...Russert brought something to television journalism that had never been tried before. Instead of asking questions off the top of his head, he had his staff do research on his interviewees and actually used some of that research in his interviews. Many politicians had never been confronted with their own words before and his unique interview style caught many of them off guard, but it also gave them a chance to look good by showing that they could withstand tough questioning by giving vague, noncommittal answers. Unfortunately, Russert's shoes will be very hard to fill because while many television journalists do have staffs that have access to LEXIS/NEXIS, few of them know what follow-up questions to ask after an interviewee gives his boilerplate answer and will simply go on to another topic. Russert's ability to ask the same question over and over again using different words is one that has sadly died with him. He will be missed. [...]
The fact that politicians could trust that Russert would safeguard their secrets instead of releasing them to the public prematurely where they might get distorted made him the go-to guy for administration officials who wanted to get their side of the story out without having to worry about being contradicted or embarrassed while still looking like they were being vetted by Russert's very tough-looking questions. When Dick Cheney wanted to sell the War in Iraq to the American people, his staff immediately called up Russert to book Cheney on NBC's Meet the Press (which Cheney's communications director called "our best format") to say that Saddam Hussein was trying to build a nuclear bomb, citing as evidence a story that appeared in the New York Times that morning, which his assistant Scooter Libby had conveniently leaked to reporter Judith Miller. He knew that citing a Times story he himself planted would be all the evidence he would need and he wouldn't have to worry about Russert asking the kinds of skeptical questions that might throw him off message.
In one of the many moving tributes Russert received, Chris Matthews pointed out that one of the secrets of Russert's success was that he was not smarter or more sophisticated than his audience. "It may be tricky to say this," Matthews said, "and I'll say it, when we went to war with Iraq, he and I had a little discussion about that, and this is where Tim is Everyman, he is Us as a country. I said: 'How can you believe this war is justified?' And he said: 'The nuclear thing. If they have a bomb that they can use, we gotta deal with it. We can't walk away from that.' And that, to me, was the essence of what was wrong with the whole case for the war. They knew that argument would sell with Mr. America, with The Regular Guy, with the True American Patriot. They knew the argument that would sell, that would get us into that war. Tim was right on the nail. He was Us, the American People. . . . That was the thing that sold America, and the guys who wanted the War used that one thing that would sell the Patriot in Tim Russert." What could be more patriotic than a journalist who believes what the government is telling him instead of questioning it like some reporters used to do back in the 1970s before they got columns and wrote best-selling books? And if there is anything members of the Washington elite hate it is someone who seems too elite by looking like they are intelligent and thoughtful and not the salt of the earth. Perhaps there is no greater tribute to Russert than the fact that the Washington elite accepted this humble man from Buffalo as a member of their club and went on television and showed up at his funeral to proclaim in unison, "One of us! One of us!"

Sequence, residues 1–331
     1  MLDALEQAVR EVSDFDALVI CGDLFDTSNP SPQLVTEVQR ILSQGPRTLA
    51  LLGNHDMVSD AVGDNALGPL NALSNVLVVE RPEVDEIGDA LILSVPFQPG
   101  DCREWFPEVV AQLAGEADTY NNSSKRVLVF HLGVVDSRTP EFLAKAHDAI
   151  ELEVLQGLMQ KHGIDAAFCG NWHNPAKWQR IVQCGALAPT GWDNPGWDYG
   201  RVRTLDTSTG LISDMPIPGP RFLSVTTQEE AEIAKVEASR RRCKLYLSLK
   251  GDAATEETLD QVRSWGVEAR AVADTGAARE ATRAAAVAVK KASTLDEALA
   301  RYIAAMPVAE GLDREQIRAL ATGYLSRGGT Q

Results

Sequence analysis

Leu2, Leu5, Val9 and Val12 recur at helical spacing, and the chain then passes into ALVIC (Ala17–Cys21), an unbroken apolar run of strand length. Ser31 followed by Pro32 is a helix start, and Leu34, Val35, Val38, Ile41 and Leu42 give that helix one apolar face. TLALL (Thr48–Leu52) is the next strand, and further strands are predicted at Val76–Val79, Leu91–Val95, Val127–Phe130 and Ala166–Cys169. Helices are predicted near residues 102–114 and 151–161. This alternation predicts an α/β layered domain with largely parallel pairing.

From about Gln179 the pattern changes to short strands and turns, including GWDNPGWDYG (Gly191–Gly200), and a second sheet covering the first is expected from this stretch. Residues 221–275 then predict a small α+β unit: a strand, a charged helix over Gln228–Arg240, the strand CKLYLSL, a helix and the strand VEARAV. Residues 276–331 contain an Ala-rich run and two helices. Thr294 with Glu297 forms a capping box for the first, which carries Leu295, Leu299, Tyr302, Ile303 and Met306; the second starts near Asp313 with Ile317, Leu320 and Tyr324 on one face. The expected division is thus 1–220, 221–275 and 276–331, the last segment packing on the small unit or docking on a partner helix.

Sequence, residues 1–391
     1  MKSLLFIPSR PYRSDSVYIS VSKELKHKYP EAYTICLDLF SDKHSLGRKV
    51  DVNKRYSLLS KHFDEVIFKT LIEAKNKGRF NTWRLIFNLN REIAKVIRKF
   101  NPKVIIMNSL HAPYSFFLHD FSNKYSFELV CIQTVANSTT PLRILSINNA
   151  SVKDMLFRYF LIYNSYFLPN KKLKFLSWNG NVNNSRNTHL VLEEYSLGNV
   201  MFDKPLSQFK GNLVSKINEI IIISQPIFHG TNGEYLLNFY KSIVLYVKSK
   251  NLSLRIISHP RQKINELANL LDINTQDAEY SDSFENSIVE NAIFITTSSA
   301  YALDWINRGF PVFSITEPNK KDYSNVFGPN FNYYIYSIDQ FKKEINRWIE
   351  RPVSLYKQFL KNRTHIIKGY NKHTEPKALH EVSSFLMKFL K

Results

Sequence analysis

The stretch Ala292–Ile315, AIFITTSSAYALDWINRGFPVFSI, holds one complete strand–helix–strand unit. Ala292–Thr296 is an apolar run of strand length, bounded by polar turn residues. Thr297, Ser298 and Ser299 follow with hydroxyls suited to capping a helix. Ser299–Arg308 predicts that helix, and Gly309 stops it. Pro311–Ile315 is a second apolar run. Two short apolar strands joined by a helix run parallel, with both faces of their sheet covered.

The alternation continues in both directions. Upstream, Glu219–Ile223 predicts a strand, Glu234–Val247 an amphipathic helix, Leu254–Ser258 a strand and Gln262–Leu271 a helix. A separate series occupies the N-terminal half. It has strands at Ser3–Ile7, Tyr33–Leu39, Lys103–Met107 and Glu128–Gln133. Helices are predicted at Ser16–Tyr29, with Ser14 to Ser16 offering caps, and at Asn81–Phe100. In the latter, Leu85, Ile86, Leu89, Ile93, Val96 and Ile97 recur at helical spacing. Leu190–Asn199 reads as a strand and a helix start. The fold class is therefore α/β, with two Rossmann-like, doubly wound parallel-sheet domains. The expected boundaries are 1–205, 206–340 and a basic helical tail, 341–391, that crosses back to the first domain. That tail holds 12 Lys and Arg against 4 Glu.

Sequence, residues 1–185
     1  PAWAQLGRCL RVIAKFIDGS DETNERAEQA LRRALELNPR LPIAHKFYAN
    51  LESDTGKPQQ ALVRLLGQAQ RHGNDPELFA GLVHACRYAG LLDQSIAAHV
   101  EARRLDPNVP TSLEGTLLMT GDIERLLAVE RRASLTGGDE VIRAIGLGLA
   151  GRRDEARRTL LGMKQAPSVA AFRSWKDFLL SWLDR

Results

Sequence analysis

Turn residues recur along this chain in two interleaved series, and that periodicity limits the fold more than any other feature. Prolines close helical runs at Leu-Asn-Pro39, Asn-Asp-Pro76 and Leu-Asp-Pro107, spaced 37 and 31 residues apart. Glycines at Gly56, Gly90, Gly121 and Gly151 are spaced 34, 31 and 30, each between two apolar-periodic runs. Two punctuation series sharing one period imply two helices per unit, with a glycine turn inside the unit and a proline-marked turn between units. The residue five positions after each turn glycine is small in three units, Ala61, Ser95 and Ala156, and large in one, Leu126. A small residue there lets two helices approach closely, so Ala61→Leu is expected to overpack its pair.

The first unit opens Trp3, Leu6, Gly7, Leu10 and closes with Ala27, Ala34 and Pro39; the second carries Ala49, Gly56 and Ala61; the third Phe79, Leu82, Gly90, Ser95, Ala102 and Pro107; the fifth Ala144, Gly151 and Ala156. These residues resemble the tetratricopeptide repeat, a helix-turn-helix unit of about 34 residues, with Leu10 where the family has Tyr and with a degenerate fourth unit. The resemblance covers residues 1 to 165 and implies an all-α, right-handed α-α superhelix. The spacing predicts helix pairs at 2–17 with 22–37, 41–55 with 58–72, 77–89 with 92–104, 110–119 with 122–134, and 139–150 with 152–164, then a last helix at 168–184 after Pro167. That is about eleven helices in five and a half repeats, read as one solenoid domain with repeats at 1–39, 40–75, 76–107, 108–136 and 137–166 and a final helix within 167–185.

Even though Russert was a Democrat and a liberal, he was not one of those radical, un-American liberals. His mentor was Daniel Patrick Moynihan, every conservative's favorite Democrat until Joe Lieberman came along. Moynihan worked in the Nixon administration where he helped develop Nixon's Civil Rights policy of "benign neglect" toward African-Americans where nothing was actually accomplished even though it appeared on the surface that progress was being made. That was the kind of liberalism Russert subscribed to. And unlike many members of the liberal media, Russert bent over backwards to appear to be "fair" by asking liberals harder questions and taking it easy on conservatives, something conservative journalists don't need to do because our views are so rarely aired. Russert inspired a whole generation of liberal journalists who compensated for their partisan views by bashing liberals and praising conservatives whenever they could to demonstrate their objectivity, a legacy that is much appreciated by this conservative.
The whole thing worth reading from the start.